tise Lost." (ix. 031-612.) In the midst goblins, which protract the conversation ot a solemn and learned enarration, his over the spicy bowl of a village-super, strong imagination could not resist a roto enumerate other pleasures or amuse mantic tradition consecrated by popular ments of the night or evening. Then is, credulity.-T. WARTON,
in this line, a repetition of the first 105. Drwiging goblin. This goblin is “Then,” line 100. Afterwards, we have Robin Goodfellow. His cream-bowl was another - Then," with the same sense earned, and he paid the punctuality of and reference, line 131. Here, too, is a those by whom it was duly place for his transition from mirth in the country to refection, by the service of threshing | mirth in the city.-T. WARTOX. with his invisible fairy fail, in one night, 120. Triumphs: Shows, masks, revels. and before the dawn of day, a quantity
Or sweetest Shakspeare, Fancy's child,
And ever, against eating cares,
These delights, if thou canst give, Mirth, with thee I mean to live.
142. The melting roice, &c. Milton's which imprison and entangle the hidden meaning is not, that the senses are en- | soul, the essence or perfection of har chained or amazed by music, but that, mony. In common sense, let music be as the voice of the singer runs through made to show all, even her most hidden 'he manifold mazes or intricacies of powers.-T. WARTON. Bound, all the chains are untwisted
(THE THOUGHTFUL, OR PENSIVE MAN.)
Ilence, vain deluding Joys,
The brood of Folly without father bred !
How little you bested,
And fancies fond with gaudy shapes possess,
Or likest hovering dreams,
10. Fickle: Transitory, perpetually | Andromeda, of whom he was enamoured, shifting. Pensiomers: train, attendauts, and transported Cassiope into heaven,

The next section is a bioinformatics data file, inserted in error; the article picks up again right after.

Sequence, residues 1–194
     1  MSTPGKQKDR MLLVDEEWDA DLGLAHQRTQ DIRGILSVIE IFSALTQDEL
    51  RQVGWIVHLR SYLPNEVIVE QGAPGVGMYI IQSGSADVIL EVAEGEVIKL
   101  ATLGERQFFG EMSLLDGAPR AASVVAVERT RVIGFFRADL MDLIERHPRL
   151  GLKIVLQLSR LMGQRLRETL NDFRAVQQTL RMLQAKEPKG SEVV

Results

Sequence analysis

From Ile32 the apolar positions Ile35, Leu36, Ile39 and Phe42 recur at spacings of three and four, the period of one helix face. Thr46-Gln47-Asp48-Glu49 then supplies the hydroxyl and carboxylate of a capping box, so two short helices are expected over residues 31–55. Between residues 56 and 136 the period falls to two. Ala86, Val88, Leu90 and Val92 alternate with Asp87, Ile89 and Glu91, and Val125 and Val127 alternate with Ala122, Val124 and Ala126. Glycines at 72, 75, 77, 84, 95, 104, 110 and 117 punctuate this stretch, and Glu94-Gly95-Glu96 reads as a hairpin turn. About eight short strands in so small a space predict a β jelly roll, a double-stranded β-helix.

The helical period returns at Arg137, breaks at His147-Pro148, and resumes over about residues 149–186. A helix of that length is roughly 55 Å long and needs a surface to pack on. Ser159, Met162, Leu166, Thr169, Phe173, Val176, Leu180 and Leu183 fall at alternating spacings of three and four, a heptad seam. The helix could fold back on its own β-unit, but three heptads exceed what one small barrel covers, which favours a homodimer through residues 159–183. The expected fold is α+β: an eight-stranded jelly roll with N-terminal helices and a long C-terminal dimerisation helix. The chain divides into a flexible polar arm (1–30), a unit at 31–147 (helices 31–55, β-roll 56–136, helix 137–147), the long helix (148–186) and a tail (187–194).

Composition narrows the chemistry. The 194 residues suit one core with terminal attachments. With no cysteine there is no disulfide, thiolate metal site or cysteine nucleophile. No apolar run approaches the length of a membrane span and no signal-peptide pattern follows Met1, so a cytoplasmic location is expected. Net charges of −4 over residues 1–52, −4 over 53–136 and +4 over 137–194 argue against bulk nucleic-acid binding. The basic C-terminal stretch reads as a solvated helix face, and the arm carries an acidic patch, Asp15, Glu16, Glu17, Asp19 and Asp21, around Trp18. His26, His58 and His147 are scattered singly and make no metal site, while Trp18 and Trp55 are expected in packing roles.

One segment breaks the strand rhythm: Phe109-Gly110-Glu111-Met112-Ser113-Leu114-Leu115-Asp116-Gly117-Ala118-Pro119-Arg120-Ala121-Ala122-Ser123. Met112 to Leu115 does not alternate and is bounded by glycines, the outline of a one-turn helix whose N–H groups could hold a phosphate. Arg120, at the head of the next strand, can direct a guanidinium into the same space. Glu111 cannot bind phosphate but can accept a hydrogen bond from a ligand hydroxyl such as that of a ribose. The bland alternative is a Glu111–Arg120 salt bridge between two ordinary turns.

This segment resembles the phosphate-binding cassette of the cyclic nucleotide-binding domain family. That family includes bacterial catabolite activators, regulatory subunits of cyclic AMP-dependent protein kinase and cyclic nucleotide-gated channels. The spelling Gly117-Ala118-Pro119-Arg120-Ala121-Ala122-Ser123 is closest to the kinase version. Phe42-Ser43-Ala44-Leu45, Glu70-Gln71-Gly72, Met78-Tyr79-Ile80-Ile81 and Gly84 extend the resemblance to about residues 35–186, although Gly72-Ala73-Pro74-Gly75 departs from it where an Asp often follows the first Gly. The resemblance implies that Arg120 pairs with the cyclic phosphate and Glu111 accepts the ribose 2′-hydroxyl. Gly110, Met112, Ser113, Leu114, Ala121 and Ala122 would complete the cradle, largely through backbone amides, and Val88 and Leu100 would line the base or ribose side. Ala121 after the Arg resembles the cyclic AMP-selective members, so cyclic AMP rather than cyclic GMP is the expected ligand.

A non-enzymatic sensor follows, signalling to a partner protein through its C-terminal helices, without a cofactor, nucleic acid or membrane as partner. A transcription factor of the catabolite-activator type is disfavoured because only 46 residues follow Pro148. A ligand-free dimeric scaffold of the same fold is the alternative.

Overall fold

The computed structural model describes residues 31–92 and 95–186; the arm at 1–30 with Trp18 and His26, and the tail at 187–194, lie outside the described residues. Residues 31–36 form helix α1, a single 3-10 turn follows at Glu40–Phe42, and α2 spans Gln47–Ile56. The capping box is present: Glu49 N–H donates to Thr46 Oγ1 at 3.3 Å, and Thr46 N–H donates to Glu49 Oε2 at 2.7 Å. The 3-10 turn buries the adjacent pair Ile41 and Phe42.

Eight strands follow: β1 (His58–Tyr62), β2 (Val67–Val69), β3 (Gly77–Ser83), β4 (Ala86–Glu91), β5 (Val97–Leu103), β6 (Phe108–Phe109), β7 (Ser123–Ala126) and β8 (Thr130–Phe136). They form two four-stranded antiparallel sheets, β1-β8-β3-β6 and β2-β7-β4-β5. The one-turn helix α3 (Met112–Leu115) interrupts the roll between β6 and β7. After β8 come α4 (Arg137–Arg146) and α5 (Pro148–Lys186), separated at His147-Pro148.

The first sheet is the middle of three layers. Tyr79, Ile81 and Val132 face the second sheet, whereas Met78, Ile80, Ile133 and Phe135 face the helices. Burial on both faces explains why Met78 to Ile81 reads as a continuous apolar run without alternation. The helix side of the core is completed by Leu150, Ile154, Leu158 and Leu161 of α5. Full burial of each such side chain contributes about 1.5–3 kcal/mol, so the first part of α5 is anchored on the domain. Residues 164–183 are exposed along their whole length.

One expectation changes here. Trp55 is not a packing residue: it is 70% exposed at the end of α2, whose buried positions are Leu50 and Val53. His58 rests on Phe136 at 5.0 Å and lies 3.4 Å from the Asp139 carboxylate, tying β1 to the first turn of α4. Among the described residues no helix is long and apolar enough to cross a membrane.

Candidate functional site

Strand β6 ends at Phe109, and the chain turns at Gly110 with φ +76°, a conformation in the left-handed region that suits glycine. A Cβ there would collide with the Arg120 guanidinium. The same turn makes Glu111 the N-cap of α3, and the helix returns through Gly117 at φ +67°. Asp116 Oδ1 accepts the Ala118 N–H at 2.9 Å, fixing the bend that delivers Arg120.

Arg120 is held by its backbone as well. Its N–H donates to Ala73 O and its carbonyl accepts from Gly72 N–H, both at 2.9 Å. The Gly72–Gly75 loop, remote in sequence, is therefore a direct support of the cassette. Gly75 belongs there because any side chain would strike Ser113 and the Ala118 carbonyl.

18. Memnon's sister: that is, an Ethis where she became a constellation. Hence opian princess, or sable beauty. Mem. she is called that starr d Ethiop queen." non, King of Ethiopia, and an auxiliary --T. WARTON, of the Troians, was sisin by Achilles. 1 25. His daughter she. The meaning of
19. That starr'd Ethiop queen. Cas. Milton's allegory is, that Melancholy is siope, as we learn from Apollo lorus, was the daughter of Genius, which is typified the wife of Cepheus, King of Ethiopia. by the bright-hair'" goldess or the She bosted herself to be more beautiful eternal fire. Saturn, the father, is the than the Nereids, and challenged them god of saturnine dispositions, of pensive 'o a trial, who, in revenre, persuaded aud gloomy minds.--T, WARTOX.
eptune to send a prodigious whale into 30. Before Saturn was driven from his Ethiopia. To appease them, she was di. ancient kingdom by his son Jupiter, rected t expose her daughter An fromeda nursed on mount Ida. to the monster; but Perseus delivered
Come, pensive Nun, devout and pure,
35. Cyprus laron, a veil of a thin, trans that conveyed the fiery-wheeled car in parent texture.
Ezekiel, x. 2. See also Milton himself, 36. Decent : Not exposed, covered. * Paradise Lost," (vi. 750 :) so that no54. Cherub Contemplation. By contem- . thing can be greater or juster than this plation, is here meant that stretch of idea of “divine Contemplation."-ICED. thought, by which the mind ascends to 55. Mute Silince. I always fulmired the first tool. first perfect, and first fair; this and the seventeen following lines and is therefore very properly said to with excessive delight. There is a pell "oar on go den wing, gujuing the fiery. in it, which yoes far beyond mere descripwheeled throne;" that is, to take a high tion: it is the very perfection of ideal and and glorious flight, carrying bright ideas picturesque and contemplative poetryof Deity along with it. But the whole BRYDES. imagery alludes to the cherubic forms